Better Savings Rates Could Be a Flash in the Pan
Better-paying savings accounts have materialised this spring but savers are encouraged to act quickly to stash their cash—the best deals may not be available long.
Last year, the upheaval of the pandemic and slashing of the Bank of England’s base rate led to a market-wide erosion of the interest paid on savings accounts. While Britons have accumulated high levels of savings during lockdown, with holidays scrapped and nights out ended, they had little place to stash it. In August 2020, just one easy-access savings account beat the rate of inflation.
But interest rates on savings accounts have rallied recently. According to an analysis by investment service Hargreaves Lansdown, the best-paying one-year fixed rate savings account currently on the market pays 0.85% interest. At the start of the new tax year in early April, the leading account paid just 0.65%.
Market watchers have attributed the bounce in savings rates to the bonanza in the housing market. Many buyers are scrambling to purchase properties before the stamp duty holiday ends on 30 June.
The boom means mortgage borrowing has reached its highest level since modern records began: £11.3 billion was lent out in March. To fund these loans, banks are keen to attract new savers. Many are now upping the interest rates on their savings products to refill the coffers.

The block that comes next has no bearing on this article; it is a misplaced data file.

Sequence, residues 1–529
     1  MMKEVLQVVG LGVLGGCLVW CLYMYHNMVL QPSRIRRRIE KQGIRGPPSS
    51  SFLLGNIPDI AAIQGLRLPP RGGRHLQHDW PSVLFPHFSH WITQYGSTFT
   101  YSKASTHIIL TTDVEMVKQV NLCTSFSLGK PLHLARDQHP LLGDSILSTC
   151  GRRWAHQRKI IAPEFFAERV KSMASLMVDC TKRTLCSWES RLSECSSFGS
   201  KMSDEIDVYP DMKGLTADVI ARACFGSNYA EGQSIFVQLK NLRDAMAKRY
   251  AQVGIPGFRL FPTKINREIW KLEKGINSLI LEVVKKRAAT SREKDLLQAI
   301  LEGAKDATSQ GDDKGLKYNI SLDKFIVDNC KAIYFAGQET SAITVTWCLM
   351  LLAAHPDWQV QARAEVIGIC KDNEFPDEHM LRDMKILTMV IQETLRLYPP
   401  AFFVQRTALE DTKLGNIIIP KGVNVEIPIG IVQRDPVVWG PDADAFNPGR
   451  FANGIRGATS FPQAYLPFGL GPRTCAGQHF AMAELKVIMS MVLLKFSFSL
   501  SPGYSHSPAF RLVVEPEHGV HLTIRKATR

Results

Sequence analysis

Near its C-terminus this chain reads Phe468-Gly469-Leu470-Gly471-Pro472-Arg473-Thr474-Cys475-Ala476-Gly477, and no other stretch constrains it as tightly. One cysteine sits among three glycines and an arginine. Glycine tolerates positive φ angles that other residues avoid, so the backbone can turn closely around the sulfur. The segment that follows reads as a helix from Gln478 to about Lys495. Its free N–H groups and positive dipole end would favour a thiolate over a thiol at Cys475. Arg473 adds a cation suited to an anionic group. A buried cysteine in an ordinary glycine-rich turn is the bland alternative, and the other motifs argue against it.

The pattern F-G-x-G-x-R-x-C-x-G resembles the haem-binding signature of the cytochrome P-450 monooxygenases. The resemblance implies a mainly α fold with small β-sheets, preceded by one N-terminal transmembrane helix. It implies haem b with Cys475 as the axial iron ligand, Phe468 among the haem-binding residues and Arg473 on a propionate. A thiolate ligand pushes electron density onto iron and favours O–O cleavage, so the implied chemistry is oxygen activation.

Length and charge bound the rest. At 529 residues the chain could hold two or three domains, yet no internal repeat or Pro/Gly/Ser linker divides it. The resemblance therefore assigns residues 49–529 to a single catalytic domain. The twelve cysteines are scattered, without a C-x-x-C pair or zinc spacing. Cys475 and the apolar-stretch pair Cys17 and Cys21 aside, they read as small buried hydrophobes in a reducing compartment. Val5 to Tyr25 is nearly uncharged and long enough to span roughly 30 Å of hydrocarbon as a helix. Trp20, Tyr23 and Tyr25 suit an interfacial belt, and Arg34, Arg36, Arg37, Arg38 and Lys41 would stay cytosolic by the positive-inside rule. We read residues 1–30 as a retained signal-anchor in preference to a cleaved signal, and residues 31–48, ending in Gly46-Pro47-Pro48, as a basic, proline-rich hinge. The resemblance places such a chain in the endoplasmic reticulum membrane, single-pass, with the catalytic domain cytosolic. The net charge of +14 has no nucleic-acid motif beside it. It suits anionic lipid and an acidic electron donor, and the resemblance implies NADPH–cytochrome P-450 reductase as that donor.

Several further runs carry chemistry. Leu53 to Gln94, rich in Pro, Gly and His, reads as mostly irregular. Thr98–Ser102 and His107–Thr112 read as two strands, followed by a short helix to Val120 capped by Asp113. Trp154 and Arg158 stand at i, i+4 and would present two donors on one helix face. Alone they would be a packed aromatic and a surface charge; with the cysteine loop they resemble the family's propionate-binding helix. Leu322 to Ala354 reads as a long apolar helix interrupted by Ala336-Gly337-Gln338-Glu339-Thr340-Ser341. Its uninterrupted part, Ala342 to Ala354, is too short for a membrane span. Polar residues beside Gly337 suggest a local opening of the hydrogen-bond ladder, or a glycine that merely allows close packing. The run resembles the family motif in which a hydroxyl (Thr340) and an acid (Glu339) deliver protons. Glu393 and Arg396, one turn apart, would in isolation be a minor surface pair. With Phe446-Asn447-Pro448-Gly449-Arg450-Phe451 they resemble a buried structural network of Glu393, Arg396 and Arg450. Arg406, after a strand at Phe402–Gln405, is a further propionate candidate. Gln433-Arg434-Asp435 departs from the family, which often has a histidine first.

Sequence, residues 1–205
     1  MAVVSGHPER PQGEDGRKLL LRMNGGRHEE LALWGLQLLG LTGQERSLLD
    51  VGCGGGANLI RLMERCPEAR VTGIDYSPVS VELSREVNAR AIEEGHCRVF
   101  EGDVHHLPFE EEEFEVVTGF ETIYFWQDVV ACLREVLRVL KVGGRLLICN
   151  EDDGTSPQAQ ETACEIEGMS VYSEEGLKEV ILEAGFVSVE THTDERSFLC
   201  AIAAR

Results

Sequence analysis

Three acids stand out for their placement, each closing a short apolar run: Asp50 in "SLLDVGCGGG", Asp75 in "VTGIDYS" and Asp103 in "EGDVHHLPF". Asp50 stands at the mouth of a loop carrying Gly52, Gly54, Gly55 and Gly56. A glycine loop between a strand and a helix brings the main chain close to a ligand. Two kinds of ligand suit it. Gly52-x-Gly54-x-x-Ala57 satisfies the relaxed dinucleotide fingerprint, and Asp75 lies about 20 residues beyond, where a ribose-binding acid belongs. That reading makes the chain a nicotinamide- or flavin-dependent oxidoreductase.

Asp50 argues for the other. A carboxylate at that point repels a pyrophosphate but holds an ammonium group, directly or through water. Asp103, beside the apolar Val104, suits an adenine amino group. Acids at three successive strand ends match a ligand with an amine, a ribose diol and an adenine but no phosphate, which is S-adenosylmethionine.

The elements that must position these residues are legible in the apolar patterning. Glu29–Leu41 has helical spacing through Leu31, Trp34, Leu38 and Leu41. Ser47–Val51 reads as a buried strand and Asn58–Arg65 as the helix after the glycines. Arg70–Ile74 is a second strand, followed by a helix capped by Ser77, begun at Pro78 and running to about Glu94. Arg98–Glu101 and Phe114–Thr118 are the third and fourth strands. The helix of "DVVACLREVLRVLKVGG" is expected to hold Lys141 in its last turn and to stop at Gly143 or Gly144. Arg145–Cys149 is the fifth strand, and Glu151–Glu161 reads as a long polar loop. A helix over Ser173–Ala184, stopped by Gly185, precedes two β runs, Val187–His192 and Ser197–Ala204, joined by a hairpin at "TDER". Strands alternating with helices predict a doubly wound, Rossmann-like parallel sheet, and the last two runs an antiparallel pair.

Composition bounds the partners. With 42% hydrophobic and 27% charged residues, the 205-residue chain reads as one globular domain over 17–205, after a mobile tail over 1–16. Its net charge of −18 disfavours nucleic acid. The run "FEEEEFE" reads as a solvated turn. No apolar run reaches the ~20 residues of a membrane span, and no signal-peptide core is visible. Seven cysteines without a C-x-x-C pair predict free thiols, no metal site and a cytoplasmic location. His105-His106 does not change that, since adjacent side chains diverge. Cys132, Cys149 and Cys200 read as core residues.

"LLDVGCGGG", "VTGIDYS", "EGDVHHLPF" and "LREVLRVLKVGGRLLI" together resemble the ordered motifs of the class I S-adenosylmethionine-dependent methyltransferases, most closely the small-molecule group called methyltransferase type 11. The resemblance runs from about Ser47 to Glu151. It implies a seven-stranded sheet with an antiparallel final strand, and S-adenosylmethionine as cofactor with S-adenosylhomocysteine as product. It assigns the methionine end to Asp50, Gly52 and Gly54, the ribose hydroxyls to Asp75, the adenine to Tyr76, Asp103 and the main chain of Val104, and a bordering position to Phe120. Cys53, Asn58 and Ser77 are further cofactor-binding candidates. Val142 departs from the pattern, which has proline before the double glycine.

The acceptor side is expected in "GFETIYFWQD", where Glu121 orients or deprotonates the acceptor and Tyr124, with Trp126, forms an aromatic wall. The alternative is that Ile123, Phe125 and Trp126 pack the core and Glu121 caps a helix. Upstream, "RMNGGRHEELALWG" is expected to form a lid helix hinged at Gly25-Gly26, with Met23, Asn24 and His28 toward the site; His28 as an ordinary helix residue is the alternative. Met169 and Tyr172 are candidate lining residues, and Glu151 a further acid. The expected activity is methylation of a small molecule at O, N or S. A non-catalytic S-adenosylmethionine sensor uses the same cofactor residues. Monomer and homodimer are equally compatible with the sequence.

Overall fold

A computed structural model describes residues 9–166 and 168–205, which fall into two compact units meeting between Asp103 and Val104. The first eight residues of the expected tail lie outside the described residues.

And with many banks in the position of needing to raise extra money for mortgage lending, competition for savers is fierce.
However, the clock is ticking on the housing splurge. Sales and mortgage lending are expected to drop off as it becomes clear buyers won’t complete their purchase before stamp duty is reimposed. Mortgage lenders will no longer need extra cash and will likely act to gut their savings rates again.
Additionally, many of the best-buy savings accounts are from smaller banks rather than high-street staples. These institutions, like Atom Bank or Gatehouse Bank, have limited capacity for savers and may reach their threshold after just a few weeks atop the savings account league tables. They could then act to slash rates.
Finally, with the UK economy still staggering under the effects of the coronavirus crisis, the Bank of England is unlikely to raise the base rate soon. It’s previously indicated that it won’t act until inflation is consistently at or above its target of 2%. The Consumer Price Index (CPI) hit 1.5% in April, but was just 0.7% in March.